It seems like every day you read about the launch of a new mobile money initiative in Africa, another DFS player entering the market, or how a bank is using new technology to push downmarket. Alongside this, over the last five years its clear that client expectations have changed. Online registrations, mobile loan applications, repaying using mobile money and TATs of under 24 hours are now considered normal by clients (and rightly so).
“Organisations that do not invest adequately in technological innovation incur a real risk of capitulation and disappearance.”
As a result, MFIs are increasingly concerned about how to retain their competitive edge, especially when they’re stuck on legacy core banking systems that haven’t kept up with the latest technical developments. In the recently published ‘Financial Inclusion Banana Skins’ survey 2016, respondents considered technology the fastest rising risk, moving its ranking from 15th to 4th in just two years, and up to 2nd amongst African respondents. As one anonymous respondent put it, “organisations that do not invest adequately in technological innovation incur a real risk of capitulation and disappearance”. Another commented “the biggest risks facing the industry today stem from the need to change and adapt quickly in order to keep up with the fast paced tech services now available in the market.”
Perhaps this is not surprising. Everyone is familiar with the phenomenal success of M-Shwari (now with 14m customers and Ksh90 billion of disbursed loans since launch). KCB-M-PESA has also grown rapidly since its launch last year (Ksh7.8 billion disbursed) while Equity Bank’s Equitel receives 80,000 loan applications a day and has so far disbursed Ksh8.5 billion. Showing how blurred the division is between MNOs and banking, Safaricom just hired the former Equity Bank Group director of payments Ronald Webb to head its M-PESA unit.
Outside of Kenya, this week saw the launch of MoKash from MTN Uganda, seemingly a replica of M-Shwari enabling individuals to save as little as Ush50 on their phone while borrowing up to Ush1m. And aside from the MNOs you have organisations like Branch and Tala who lend directly to individuals through smart phone applications assessing risk through online credit scoring. From an MFI’s perspective, its easy to see threats around every corner.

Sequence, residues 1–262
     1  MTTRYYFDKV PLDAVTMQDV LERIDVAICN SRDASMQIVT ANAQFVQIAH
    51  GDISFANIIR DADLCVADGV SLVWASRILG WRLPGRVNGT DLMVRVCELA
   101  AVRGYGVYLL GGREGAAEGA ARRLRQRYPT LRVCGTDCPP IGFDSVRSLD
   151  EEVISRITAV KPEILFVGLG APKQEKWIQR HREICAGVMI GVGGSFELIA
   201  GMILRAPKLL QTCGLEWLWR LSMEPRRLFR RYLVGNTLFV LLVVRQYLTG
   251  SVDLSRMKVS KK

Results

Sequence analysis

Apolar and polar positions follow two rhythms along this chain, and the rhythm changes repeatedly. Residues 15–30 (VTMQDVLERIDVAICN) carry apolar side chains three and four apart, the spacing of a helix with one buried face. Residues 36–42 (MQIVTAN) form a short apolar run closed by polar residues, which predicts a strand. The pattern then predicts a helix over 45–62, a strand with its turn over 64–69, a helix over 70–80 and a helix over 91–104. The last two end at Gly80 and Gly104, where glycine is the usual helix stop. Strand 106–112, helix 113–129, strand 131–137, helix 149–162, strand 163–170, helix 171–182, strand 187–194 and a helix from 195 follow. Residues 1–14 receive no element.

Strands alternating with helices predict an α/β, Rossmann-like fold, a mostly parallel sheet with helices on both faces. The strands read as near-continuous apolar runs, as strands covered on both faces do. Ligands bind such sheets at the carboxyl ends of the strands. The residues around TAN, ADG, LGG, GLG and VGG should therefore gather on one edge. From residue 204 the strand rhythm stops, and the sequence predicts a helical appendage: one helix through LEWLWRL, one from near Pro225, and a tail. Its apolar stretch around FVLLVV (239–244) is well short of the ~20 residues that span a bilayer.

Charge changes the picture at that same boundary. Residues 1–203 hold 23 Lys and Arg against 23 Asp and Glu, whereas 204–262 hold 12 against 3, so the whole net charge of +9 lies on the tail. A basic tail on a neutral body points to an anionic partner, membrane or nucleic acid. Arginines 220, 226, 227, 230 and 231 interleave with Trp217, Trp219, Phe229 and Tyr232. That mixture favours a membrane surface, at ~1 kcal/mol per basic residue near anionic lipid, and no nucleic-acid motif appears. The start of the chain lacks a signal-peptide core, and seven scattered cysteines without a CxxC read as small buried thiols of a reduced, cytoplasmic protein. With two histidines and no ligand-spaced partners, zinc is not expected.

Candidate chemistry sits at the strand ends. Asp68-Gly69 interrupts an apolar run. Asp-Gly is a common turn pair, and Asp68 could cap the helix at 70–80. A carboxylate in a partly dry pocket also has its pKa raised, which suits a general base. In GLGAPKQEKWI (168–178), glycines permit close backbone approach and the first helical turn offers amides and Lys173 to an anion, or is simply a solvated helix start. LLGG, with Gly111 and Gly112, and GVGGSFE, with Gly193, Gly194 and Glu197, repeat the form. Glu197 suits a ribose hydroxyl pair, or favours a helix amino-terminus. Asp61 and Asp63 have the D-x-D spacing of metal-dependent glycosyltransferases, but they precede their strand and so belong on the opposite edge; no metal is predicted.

“It’s possible for MFIs to remain competitive and embrace new technology without breaking the bank.”
MNOs and VC-backed DFS providers have large budgets and don’t have to worry about existing legacy systems, branch networks or customer bases. This naturally gives them an advantage. All the same, it’s possible for MFIs to remain competitive and embrace new technology without breaking the bank. This is where organisations like Musoni can help. The Musoni System is a multi-award winning core banking system that is already integrated with the leading MMT services across Africa, includes an SMS module as standard, a tablet application aimed at loan officers, a mobile banking app aimed at clients, and credit scoring to help organisations make better lending decisions. All these modules are included as standard and at a fraction of the cost associated with new technology investments.
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Our goal is to help financial organisations climb up the technology ladder, and in doing so transform the livelihoods of the unbanked around the world. What about the actual impact we’ve had on MFIs? Its early days but we consistently see rapid growth in client numbers and reductions in PAR within the first 12 months of adopting the Musoni System. A recent Mastercard Worldwide study into Musoni’s SMS module showed that it had the potential to reduce PAR by up to 50% in just three months, while a 2015 Accion case study on the Musoni tablet app showed improvements in loan officer efficiency of 68%, as well as an increase in income of $86k in the first year. When embraced properly, technology can lead to tangible improvements in efficiency and cost reductions. Musoni is now used by over 65 organisations across Africa, impacting over 300,000 end customers. In recognition of this achievement we won the BBVA Financial Inclusion Special Award in August 2016.
“How many times have we seen shiny strategy powerpoint decks so poorly executed that they become meaningless?”
Of course, adopting new technology is difficult, especially when you’re also changing processes or launching new products. To quote Graham Wright from Microsave, “how many times have we seen shiny strategy powerpoint decks so poorly executed that they become meaningless? The devil is in the details.” One way to improve the chances of success is to work with software providers who have a deep understanding of microfinance operations (our previous experience founding an award-winning MFI in Kenya now serving 40,000 clients has certainly proven useful each time we start work with a new MFI). Another is to work with industry leaders like the Helix Institute for Digital Finance who run an excellent course aimed at helping MFIs looking to adopt new technology. There’s no reason not to do both.
In the last 5 years the financial services landscape in Africa has changed beyond recognition. Its easy to treat the entrance of new players as a threat, but the eventual winners will be those who embrace the opportunities provided by the new technology available, and in doing so start making a dent in the 70% of people across the continent who still don’t have any access to formal financial services.